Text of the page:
In Fields, supra, during work on an unfinished ship a piece of rough staging (2" x 12" x 7') fell from above and struck Fields as he was passing under the fiddley. Chief Judge Marbury, writing for the Court, said:

"This Court thinks that the evidence was sufficient to justify submitting the case to the jury. Appellee's employees were working in this opening. They were the only ones working there. The defendant was the only contractor doing insulation in the ship. Its men had been putting asbestos on ducts up in this space all morning. There were two men in white coveralls (unusual for other workers on shipboard) working there just a few minutes or seconds before the accident, when the plaintiff crossed under them. Asbestos was falling then. There is testimony that there were no other persons in the space by the smoke stack at the time. The board with asbestos on it fell from that direction. Under these circumstances the reasonable inference is that a board under the control of the employees of the appellee was negligently permitted to fall and struck the plaintiff." 188 Md. at 452.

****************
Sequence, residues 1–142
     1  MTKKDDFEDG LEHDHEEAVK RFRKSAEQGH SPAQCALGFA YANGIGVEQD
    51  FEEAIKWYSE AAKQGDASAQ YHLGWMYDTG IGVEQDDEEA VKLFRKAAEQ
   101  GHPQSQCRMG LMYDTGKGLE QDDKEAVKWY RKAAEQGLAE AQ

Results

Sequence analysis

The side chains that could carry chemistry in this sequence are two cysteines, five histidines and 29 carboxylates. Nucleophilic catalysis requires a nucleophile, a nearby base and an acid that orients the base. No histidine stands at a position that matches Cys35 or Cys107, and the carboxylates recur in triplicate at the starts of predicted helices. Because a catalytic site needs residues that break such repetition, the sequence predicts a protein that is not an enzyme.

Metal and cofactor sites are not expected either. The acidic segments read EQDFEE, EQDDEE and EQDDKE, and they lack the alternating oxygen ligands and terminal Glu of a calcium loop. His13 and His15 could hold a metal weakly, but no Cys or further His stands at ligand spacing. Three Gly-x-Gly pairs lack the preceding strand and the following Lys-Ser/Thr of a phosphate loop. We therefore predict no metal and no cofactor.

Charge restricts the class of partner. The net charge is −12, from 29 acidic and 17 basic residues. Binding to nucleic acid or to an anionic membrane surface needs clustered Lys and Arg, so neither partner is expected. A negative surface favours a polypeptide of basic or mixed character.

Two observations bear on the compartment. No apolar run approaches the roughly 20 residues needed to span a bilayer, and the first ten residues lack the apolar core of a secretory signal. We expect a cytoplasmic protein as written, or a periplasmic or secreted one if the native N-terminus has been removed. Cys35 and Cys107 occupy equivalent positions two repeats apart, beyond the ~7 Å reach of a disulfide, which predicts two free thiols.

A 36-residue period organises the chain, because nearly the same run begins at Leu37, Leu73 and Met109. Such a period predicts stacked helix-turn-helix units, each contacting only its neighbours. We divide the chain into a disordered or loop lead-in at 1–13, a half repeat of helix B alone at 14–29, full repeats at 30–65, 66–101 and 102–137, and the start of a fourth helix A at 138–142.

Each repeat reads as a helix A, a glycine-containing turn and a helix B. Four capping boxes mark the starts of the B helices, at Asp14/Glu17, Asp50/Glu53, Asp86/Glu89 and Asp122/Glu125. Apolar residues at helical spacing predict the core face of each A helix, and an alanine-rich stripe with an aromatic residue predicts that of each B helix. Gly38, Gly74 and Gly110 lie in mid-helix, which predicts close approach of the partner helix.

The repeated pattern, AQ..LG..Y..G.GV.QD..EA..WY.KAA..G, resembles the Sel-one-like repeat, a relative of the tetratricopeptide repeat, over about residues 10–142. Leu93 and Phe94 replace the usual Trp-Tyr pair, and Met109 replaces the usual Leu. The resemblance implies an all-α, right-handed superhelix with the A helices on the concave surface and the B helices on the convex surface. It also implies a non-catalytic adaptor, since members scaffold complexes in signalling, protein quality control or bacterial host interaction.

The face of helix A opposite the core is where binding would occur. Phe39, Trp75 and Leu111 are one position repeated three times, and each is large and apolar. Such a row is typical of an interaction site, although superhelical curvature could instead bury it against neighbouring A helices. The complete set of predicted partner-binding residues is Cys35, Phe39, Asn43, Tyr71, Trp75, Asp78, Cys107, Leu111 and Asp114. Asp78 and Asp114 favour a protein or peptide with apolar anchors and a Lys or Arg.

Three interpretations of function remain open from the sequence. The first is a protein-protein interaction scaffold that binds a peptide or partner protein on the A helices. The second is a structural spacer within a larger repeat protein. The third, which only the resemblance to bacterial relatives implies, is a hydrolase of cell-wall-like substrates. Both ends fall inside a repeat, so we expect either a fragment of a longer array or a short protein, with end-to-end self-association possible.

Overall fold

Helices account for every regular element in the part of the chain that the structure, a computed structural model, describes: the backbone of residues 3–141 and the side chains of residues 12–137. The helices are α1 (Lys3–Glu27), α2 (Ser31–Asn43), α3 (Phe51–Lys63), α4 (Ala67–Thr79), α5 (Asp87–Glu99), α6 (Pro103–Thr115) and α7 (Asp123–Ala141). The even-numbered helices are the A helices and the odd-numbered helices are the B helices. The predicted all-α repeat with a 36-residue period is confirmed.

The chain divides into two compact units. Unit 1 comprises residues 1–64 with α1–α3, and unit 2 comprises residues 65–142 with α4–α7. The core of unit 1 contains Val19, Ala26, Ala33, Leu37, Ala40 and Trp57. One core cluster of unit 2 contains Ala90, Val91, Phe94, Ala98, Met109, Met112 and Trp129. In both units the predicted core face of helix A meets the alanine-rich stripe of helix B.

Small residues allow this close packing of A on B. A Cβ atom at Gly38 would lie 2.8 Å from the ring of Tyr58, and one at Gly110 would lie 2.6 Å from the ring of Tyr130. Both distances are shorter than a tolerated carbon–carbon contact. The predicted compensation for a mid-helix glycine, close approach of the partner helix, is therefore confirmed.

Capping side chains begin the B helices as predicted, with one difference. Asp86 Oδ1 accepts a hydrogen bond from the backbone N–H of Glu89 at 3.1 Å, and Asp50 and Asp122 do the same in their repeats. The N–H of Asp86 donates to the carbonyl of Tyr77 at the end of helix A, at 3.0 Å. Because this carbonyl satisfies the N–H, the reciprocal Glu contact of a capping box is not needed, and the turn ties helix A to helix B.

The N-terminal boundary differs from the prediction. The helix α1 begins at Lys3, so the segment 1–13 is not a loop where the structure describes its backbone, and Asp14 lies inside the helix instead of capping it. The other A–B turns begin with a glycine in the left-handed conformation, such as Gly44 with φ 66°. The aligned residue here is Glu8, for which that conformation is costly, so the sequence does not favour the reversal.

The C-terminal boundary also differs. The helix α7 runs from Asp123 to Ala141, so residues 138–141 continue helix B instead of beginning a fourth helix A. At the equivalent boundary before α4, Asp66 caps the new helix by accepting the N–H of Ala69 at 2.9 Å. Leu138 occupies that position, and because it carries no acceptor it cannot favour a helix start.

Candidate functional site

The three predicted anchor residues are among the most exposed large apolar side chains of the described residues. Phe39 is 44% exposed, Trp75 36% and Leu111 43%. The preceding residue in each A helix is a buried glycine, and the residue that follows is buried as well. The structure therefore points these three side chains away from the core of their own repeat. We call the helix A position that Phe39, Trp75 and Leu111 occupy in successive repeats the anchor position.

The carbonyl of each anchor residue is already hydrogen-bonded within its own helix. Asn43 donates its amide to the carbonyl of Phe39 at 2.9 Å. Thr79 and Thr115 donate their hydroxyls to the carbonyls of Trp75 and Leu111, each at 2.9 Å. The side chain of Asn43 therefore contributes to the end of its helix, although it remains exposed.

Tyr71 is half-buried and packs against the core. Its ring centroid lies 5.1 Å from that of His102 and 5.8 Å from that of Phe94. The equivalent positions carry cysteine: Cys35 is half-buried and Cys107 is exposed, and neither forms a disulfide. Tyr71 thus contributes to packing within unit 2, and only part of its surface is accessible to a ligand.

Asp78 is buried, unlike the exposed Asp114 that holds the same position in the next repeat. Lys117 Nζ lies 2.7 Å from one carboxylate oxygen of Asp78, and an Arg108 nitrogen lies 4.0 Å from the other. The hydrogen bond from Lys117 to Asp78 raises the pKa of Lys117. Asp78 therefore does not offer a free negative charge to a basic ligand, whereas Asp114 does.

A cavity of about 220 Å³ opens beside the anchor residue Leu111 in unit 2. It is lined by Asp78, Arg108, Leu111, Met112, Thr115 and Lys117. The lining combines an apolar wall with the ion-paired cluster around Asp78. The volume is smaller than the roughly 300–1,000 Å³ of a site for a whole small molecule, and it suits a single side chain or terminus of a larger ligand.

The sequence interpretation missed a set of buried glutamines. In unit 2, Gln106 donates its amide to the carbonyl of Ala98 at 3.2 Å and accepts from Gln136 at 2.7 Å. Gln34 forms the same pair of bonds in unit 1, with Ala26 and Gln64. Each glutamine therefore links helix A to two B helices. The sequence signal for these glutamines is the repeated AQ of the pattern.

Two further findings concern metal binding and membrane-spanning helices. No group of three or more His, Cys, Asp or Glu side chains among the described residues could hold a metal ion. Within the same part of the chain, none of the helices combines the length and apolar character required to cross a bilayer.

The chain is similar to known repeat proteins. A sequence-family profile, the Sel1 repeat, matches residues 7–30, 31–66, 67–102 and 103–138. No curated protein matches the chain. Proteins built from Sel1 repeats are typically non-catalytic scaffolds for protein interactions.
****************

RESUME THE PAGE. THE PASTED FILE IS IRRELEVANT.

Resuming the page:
After the citation and a brief discussion of Strasburger v. Vogel, 103 Md. 85, 63 A. 202 (1906), Judge Marbury went on to say:

". . . In the case before us the plaintiff has shown no independent cause. He has shown that the defendant's workmen were in charge of the place from which the plank fell and they were the only ones there. The fact that two employees of the Dry Dock Company were found there a half hour later does not affect the situation at the time of the accident. It may be that the defendant will be able to show that the plank fell from some other cause than the negligence of its employees, but we think the facts produced by the plaintiff make a prima facie case.